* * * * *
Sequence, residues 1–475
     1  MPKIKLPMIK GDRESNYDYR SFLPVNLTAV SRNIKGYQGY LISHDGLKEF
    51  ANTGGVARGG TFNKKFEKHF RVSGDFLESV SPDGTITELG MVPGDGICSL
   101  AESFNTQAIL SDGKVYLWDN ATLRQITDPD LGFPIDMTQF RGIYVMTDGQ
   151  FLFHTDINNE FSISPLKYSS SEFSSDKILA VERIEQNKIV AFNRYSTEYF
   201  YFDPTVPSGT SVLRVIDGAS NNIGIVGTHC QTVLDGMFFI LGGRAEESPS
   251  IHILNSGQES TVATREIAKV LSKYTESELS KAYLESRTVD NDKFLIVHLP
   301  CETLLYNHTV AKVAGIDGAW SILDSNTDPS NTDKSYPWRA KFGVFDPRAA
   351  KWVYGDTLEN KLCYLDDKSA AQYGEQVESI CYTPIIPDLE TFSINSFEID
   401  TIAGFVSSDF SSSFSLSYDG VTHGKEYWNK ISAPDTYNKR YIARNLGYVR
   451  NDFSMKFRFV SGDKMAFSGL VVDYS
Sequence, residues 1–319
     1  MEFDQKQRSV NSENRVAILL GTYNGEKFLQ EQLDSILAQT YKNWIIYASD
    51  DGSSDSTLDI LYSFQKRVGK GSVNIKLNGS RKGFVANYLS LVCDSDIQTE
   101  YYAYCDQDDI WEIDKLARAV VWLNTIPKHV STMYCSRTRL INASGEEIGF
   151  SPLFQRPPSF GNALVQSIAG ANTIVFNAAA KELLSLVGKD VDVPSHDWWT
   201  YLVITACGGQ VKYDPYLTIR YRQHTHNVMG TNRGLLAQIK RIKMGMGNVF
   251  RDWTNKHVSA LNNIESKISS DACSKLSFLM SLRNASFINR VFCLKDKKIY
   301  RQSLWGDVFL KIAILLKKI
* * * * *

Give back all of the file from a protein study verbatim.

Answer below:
Sequence, residues 1–475
     1  MPKIKLPMIK GDRESNYDYR SFLPVNLTAV SRNIKGYQGY LISHDGLKEF
    51  ANTGGVARGG TFNKKFEKHF RVSGDFLESV SPDGTITELG MVPGDGICSL
   101  AESFNTQAIL SDGKVYLWDN ATLRQITDPD LGFPIDMTQF RGIYVMTDGQ
   151  FLFHTDINNE FSISPLKYSS SEFSSDKILA VERIEQNKIV AFNRYSTEYF
   201  YFDPTVPSGT SVLRVIDGAS NNIGIVGTHC QTVLDGMFFI LGGRAEESPS
   251  IHILNSGQES TVATREIAKV LSKYTESELS KAYLESRTVD NDKFLIVHLP
   301  CETLLYNHTV AKVAGIDGAW SILDSNTDPS NTDKSYPWRA KFGVFDPRAA
   351  KWVYGDTLEN KLCYLDDKSA AQYGEQVESI CYTPIIPDLE TFSINSFEID
   401  TIAGFVSSDF SSSFSLSYDG VTHGKEYWNK ISAPDTYNKR YIARNLGYVR
   451  NDFSMKFRFV SGDKMAFSGL VVDYS
Sequence, residues 1–319
     1  MEFDQKQRSV NSENRVAILL GTYNGEKFLQ EQLDSILAQT YKNWIIYASD
    51  DGSSDSTLDI LYSFQKRVGK GSVNIKLNGS RKGFVANYLS LVCDSDIQTE
   101  YYAYCDQDDI WEIDKLARAV VWLNTIPKHV STMYCSRTRL INASGEEIGF
   151  SPLFQRPPSF GNALVQSIAG ANTIVFNAAA KELLSLVGKD VDVPSHDWWT
   201  YLVITACGGQ VKYDPYLTIR YRQHTHNVMG TNRGLLAQIK RIKMGMGNVF
   251  RDWTNKHVSA LNNIESKISS DACSKLSFLM SLRNASFINR VFCLKDKKIY
   301  RQSLWGDVFL KIAILLKKI